• Theorem: For F0=N(0,1) and F1=N(g,1), the optimization simplifies to finding m to satisfy

      and the optimal thresholds are then


Consider hypothetical system to monitor 200 largest cities in us l.jpg
Consider (Hypothetical) System to Monitor 200 Largest Cities in US

  • Assume probability of attack is proportional to the population in a city


Optimal solution for 200 cities l.jpg

Assume in US

2σ magnitude event

Constraint of 1 false signal system-wide / day

Result: Pr(signal | attack) = 0.388

Naïve result: Pr(signal | attack) = 0.283

Optimal Solution for 200 Cities

Threshold

Population

Pr(attack)

14


P d false alarm trade off l.jpg
P in USd – False Alarm Trade-Off

Decreasing returns

0.388

1

(k)


Choosing g and k l.jpg
Choosing in USg and k

  • Optimal probability of detection for various choices of g and k

    • Choice of k depends on available resources

    • Setting g is subjective: what size mean increase important to detect?


Sensitivity analyses l.jpg
Sensitivity Analyses in US

  • Optimal probability of detection

  • Actual probability of detection



Thresholds as a function of probability of attack l.jpg
Thresholds as a Function of Probability of Attack in US

  • Counties with low probability of attack  high thresholds

  • Unlikely to detect attack

  • Few false signals

  • Counties with high probability of attack  lower thresholds

  • Better chance to detect attack

  • Higher number of false signals


Take aways l.jpg
Take-Aways in US

  • BioSense and other biosurveillance systems’ performance can be improved now at no cost

  • Approach allows for customization

    • E.g., increase in probability of detection at individual location or add additional constraint to minimize false signals

  • Applies to other sensor system applications:

    • Port surveillance, radiation/chem detection systems, etc.

  • Details in Fricker and Banschbach (2008)

20


Future research directions l.jpg
Future Research Directions in US

  • Assess data fusion techniques for use when multiple sensors in each region

    • I.e., relax sensor (spatial) independence assumption

  • Generalize from threshold detection methods to other methods that use historical information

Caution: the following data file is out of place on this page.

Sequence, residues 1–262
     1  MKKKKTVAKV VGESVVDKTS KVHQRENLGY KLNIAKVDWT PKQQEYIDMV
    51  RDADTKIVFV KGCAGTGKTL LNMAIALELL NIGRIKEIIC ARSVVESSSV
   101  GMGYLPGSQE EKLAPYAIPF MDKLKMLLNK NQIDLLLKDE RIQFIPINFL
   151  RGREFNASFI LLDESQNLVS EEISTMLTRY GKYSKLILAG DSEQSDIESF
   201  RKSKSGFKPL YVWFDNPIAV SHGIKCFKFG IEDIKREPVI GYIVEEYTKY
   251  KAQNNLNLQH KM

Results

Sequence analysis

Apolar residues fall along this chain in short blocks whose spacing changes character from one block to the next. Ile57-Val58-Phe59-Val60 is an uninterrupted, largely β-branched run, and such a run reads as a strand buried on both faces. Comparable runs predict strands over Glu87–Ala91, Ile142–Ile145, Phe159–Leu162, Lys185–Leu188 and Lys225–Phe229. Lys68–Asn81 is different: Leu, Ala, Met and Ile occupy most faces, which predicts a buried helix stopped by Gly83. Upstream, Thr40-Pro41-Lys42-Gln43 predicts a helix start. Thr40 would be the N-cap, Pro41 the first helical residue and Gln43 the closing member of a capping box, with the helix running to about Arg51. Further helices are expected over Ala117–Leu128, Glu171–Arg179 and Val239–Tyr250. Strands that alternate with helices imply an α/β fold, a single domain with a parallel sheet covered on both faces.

• I.e., relax temporal independence assumption

21


Selected references l.jpg
Selected References in US

Biosurveillance System Optimization:

  • Fricker, R.D., Jr., and D. Banschbach, Optimizing a System of Threshold Detection Sensors, in submission.

    Background Information:

  • Fricker, R.D., Jr., and H. Rolka, Protecting Against Biological Terrorism: Statistical Issues in Electronic Biosurveillance, Chance, 91, pp. 4-13, 2006.

  • Fricker, R.D., Jr., Syndromic Surveillance, in Encyclopedia of Quantitative Risk Assessment, Melnick, E., and Everitt, B (eds.), John Wiley & Sons Ltd, pp. 1743-1752, 2008.

    Detection Algorithm Development and Assessment:

  • Fricker, R.D., Jr., and J.T. Chang, A Spatio-temporal Method for Real-time Biosurveillance, Quality Engineering, (to appear, November 2008).

  • Fricker, R.D., Jr., Knitt, M.C., and C.X. Hu, Comparing Directionally Sensitive MCUSUM and MEWMA Procedures with Application to Biosurveillance, Quality Engineering (to appear, November 2008).

  • Joner, M.D., Jr., Woodall, W.H., Reynolds, M.R., Jr., and R.D. Fricker, Jr., A One-Sided MEWMA Chart for Health Surveillance, Quality and Reliability Engineering International, 24, pp. 503-519, 2008.

  • Fricker, R.D., Jr., Hegler, B.L., and D.A Dunfee, Assessing the Performance of the Early Aberration Reporting System (EARS) Syndromic Surveillance Algorithms, Statistics in Medicine, 27, pp. 3407-3429, 2008.

  • Fricker, R.D., Jr., Directionally Sensitive Multivariate Statistical Process Control Methods with Application to Syndromic Surveillance, Advances in Disease Surveillance, 3:1, 2007.